Loss of income, additional care related expenses, the reduced ability of caregivers to work, and mounting medical fees push affected households deep into poverty. HIV and AIDS impacts education in several ways Jacksen (2002) argues that it reduces the pool of personnel as teachers, managers and support staff become ill and die, and it increases the costs of maintain educational services and the need for education (to replace staff in all sectors who are dying in rising numbers ). The actual demand for education, however, typically declines.

Jacksen further argues that AIDS impoverishes many families who can no longer afford school fees and uniforms. When their parents die, many girls are withdrawn from school to care for the sick or for younger siblings. In Zimbabwe for example, the Ministry of Health and Child Welfare points out that HIV and AIDS are causing considerable turbulence in the education sector as the epidemic affects the supply of educational services, the demand for education, and the overall management of the system.

According to the Ministry of Education, Sports and Culture study in 2002, four out of five school heads say that the epidemic is seriously undermining the provision of quality education. The study revealed that teachers are at a high risk of HIV infection. AIDS among teachers is resulting in increased absenteeism and poor quality of instruction by infected and or affected staff. Training costs for teachers and other education officers are rising to replace those lost to the epidemic.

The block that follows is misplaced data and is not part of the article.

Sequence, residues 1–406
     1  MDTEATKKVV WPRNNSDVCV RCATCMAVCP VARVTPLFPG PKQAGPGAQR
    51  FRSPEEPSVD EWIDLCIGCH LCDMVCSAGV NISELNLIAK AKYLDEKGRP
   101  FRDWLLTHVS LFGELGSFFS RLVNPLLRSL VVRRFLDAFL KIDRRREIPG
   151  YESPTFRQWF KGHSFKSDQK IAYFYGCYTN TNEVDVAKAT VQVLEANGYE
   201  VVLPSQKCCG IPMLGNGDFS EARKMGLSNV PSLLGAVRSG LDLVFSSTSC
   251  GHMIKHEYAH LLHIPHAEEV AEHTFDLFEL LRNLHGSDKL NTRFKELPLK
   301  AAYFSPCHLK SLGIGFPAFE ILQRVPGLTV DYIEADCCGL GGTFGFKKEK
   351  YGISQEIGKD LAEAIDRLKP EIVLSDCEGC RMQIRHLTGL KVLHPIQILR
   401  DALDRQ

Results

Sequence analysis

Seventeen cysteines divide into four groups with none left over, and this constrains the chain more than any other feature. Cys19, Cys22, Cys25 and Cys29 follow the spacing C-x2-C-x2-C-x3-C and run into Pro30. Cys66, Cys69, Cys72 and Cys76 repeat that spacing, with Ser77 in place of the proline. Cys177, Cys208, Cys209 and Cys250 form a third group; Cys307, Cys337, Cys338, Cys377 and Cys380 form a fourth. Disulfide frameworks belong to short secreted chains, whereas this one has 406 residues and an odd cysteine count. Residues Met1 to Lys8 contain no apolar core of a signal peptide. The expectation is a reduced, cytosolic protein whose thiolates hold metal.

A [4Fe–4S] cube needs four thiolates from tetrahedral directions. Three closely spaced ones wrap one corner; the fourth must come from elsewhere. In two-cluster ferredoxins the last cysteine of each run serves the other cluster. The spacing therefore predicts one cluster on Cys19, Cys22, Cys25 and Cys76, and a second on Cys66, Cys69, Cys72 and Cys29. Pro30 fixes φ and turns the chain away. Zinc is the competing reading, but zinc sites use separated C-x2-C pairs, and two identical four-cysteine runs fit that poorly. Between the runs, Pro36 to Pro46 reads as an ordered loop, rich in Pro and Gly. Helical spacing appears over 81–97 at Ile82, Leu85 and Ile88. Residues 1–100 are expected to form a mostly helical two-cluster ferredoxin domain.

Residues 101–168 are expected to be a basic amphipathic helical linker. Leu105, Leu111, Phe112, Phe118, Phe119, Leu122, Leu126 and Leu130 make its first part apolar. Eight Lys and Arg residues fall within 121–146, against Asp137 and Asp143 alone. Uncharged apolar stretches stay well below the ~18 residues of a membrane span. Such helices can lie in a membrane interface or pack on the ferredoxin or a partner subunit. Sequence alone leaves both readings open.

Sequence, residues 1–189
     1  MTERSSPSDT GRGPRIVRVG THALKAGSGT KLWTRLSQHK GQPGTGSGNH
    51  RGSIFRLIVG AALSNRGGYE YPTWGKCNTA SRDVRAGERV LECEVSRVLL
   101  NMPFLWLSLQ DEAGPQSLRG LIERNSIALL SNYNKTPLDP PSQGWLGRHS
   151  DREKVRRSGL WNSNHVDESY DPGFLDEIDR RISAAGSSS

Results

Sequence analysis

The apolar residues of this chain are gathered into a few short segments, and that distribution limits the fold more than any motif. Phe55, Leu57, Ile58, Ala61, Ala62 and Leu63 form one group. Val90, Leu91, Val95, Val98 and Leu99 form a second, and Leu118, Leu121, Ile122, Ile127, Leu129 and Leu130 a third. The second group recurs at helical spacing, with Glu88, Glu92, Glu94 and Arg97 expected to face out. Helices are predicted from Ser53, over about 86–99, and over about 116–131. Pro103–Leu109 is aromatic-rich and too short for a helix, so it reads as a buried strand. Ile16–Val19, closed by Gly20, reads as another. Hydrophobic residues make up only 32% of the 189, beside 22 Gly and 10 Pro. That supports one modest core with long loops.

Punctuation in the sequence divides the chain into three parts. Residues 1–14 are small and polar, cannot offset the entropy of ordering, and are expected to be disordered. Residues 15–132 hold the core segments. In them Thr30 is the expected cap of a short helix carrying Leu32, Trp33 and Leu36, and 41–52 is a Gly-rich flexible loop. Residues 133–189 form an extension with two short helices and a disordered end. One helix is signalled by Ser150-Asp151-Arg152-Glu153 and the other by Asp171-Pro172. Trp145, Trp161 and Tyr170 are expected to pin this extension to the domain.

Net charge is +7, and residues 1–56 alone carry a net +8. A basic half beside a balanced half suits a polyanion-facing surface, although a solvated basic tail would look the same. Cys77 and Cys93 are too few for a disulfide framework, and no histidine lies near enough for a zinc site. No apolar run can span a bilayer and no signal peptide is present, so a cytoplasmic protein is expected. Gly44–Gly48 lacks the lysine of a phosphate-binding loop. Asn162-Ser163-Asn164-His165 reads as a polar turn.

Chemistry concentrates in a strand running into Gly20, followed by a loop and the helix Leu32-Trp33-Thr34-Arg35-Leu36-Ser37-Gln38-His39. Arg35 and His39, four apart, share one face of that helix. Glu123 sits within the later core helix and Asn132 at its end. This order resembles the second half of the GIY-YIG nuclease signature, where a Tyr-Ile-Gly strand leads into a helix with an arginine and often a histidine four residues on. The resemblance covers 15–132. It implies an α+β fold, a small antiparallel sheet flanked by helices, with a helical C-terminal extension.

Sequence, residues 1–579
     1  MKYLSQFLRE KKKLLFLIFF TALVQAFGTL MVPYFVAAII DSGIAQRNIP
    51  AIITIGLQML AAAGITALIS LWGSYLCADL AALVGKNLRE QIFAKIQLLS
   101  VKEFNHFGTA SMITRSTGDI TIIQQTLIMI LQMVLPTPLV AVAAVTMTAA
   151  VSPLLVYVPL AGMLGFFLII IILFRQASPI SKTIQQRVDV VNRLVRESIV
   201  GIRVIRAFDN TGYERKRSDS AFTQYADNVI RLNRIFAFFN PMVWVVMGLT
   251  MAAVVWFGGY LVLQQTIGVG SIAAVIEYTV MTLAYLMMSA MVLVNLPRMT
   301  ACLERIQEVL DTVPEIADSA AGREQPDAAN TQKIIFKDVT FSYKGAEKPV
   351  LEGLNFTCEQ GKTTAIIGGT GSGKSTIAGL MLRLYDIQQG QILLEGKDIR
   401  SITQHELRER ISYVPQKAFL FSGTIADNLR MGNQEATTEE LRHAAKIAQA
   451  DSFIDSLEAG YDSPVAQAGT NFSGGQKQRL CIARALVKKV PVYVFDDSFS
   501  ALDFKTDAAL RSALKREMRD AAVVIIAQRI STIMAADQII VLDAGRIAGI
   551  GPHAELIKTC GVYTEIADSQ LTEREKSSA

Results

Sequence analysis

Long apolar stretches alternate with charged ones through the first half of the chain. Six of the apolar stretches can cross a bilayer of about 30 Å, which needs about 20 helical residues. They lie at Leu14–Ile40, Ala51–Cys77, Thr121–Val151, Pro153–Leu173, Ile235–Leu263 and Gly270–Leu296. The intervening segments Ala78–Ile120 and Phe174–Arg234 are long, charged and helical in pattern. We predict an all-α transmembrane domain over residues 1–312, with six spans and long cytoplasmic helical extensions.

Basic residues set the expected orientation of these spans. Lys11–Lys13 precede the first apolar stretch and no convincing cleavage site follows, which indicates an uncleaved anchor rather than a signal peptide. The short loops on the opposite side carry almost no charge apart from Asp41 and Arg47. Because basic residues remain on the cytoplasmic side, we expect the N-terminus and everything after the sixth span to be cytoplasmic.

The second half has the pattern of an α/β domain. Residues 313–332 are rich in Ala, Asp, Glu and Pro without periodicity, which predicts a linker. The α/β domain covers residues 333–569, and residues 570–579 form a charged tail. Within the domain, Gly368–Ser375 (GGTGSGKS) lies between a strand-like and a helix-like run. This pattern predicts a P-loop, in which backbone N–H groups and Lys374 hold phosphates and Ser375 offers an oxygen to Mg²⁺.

Experienced teachers who die as result of AIDS are often replaced by untrained teachers in additional to that the Ministry of Health and Child Welfare further argues that because on AIDS death to an adult results in the loss of household labour and income, children are often required to leave school and remain at home or go to work to compensate for loss and to avoid school costs. Orphans often lose the necessary financial, material and emotional support that they need for successful schooling. Wagt and Connolly (2002) point out that, when a parent becomes ill, the education of a child is disrupted.

There is a decline in school attendance, decline in school performance because children stay home to care for sick parents, they have increased household responsibilities and need to care for young children. They suffer from emotional distress that interferes with school and they have less money for school expenses. Although HIV and AIDS epidemic may affect overall economic growth, its economic consequences are more often considered in terms of their impact on household poverty, on the economic success of firms and on government revenue and expenditures (Ministry of Health and Child Welfare, 2004).

According to the Ministry of Health and Child Welfare, economic impacts are most severe for households, this include loss of employment, loss of household productivity and income, increased health expenditures, erosion of savings and funeral and mourning costs. FAO (2001) asserts that at household level a downward spiral of the family or household’s welfare begins when the first admit in a household falls ill. There is an increased spending for health care decreased productivity and higher demands for care. Food production and income drop dramatically as more adults are affected.